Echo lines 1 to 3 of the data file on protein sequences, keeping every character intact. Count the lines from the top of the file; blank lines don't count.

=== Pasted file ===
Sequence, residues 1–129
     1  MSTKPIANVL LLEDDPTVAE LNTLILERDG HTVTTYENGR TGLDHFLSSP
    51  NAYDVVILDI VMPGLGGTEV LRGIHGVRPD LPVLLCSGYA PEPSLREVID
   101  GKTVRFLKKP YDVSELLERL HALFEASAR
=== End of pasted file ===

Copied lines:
Sequence, residues 1–129
     1  MSTKPIANVL LLEDDPTVAE LNTLILERDG HTVTTYENGR TGLDHFLSSP
    51  NAYDVVILDI VMPGLGGTEV LRGIHGVRPD LPVLLCSGYA PEPSLREVID